NEW YORK (Jun. 28)
If it can happen to Argentina, it can happen anywhere.
So say American Jewish activists and Argentine Jewish expatriates of the economic and spiritual crisis afflicting Argentine Jewry.
“Ten years ago, if you had asked me which Jewish community in the world most mirrors the American Jewish community, I would have said the Argentinian Jews,” said Will Recant, assistant executive vice president of the American Jewish Joint Distribution Committee. “If you had told me that today we’d be providing Argentinian Jews with relief aid and food packages, I never would have believed you.”
Yet Argentina today suffers from an economic collapse and hardship that some compare to Depression-era America. Coupled with the failure of two Jewish-owned banks, it has spawned legions of “new-poor” Jews and devastated a community of approximately 220,000 that once was among the Diaspora’s most vibrant.
Argentine Jewry’s traditional pool of roughly 4,000 welfare cases has grown to some 25,000. In all, about 10 percent of the community is said to be living beneath the poverty line, drawn at $12,000 a year for a family of four.
All this comes on top of twin terror attacks — against the Israeli Embassy in Buenos Aires, which killed 29 in 1992; and the main communal institution, AMIA, which in 1994 killed 86 people, including much of the community’s leadership.
No one has been prosecuted for either bombing, though a trial is said to be expected within months.
The community is shaken and, several years later, still feels vulnerable. Physical barriers and armed guards now protect virtually every Jewish institution.
“The trauma this community has suffered is tremendous,” Recant said Wednesday at Manhattan’s Congregation B’nai Jeshurun.
Recant addressed the shul’s Latin America Committee. He was joined on the panel by Rabbi Alfredo Borodowski — who moved from Argentina to the United States 11 years ago — and Stewart Cahn, a New York lay leader of Argentine Jewish descent.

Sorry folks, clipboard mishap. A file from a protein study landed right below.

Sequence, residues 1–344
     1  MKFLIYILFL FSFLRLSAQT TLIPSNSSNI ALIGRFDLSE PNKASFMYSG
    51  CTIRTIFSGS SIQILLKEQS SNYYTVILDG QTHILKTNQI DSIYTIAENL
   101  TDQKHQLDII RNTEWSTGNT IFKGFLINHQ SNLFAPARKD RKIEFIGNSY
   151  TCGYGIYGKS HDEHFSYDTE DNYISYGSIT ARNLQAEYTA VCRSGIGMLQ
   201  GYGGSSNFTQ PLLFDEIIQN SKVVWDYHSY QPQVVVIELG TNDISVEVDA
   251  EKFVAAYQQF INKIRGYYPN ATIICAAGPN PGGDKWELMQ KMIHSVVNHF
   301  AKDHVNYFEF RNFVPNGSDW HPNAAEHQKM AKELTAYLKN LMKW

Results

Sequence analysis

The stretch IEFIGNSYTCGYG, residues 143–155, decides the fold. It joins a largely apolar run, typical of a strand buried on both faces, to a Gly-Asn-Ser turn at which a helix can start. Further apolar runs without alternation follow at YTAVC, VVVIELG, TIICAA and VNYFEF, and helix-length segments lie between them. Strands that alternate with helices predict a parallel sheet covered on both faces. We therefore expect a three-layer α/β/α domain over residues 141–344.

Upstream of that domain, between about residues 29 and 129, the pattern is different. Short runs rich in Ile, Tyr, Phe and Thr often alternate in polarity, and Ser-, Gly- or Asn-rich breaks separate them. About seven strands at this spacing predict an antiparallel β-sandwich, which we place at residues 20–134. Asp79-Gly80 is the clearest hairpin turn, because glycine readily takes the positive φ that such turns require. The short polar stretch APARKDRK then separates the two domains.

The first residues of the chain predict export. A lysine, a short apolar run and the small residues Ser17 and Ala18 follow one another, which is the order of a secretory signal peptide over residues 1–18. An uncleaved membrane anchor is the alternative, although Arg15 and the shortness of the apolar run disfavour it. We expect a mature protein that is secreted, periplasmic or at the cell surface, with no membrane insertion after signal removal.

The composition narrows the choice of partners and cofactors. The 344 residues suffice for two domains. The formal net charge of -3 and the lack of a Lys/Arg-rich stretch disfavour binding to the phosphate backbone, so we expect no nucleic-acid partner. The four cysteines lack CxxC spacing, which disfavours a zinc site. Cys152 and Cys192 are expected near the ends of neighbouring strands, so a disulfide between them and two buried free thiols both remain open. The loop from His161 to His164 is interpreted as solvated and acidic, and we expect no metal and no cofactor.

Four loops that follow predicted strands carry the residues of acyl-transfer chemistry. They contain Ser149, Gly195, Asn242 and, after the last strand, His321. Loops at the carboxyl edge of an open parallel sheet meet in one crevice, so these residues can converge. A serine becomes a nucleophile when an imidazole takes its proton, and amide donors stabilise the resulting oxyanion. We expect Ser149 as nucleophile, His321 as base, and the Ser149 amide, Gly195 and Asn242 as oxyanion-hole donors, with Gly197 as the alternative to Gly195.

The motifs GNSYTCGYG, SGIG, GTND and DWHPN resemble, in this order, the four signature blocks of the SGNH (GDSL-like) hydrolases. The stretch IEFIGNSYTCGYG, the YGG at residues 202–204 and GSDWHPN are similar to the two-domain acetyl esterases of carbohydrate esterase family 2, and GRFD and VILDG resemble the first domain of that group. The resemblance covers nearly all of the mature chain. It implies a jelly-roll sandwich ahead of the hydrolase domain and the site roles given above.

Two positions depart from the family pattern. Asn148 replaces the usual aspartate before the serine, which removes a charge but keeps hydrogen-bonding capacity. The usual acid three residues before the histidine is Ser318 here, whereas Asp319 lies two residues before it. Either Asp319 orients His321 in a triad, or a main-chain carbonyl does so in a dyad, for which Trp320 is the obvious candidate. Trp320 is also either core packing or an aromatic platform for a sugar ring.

Much of the Argentine community traces its roots to East European immigrants who, plagued by pogroms and economic misery, set sail for the New World a century ago.
“They went to Argentina for a sense of security,” said Cahn, whose grandfather emigrated from Belarus, “and that sense of security is not there anymore.”
Over the decades, they established themselves as one of the nation’s most affluent communities. The older generation primarily was involved with mom-and-pop businesses — shops, pharmacies and furriers — while the younger generation embraced higher education and entered the professions.
Argentine Jews are a tight-knit group with a vast network of Jewish institutions, community centers, synagogues, day schools and Zionist camps.
But the network today is in disarray, and its congregations, sports clubs and other organizations are fast losing members.
The economic crisis is further exacerbated by a machismo that Jews have adopted from the greater Argentine society, panelists said.
“If you’re a man, you don’t want to admit that ‘I lost my job, I can’t afford it, can I have a scholarship for my kids?’ ” Recant said. “It’s just not the way it’s done in a macho culture. So families are just dropping out.”
As always, the elderly are hardest hit. The average pension is $150 per month, while the JDC estimates an individual needs $400 per month to survive.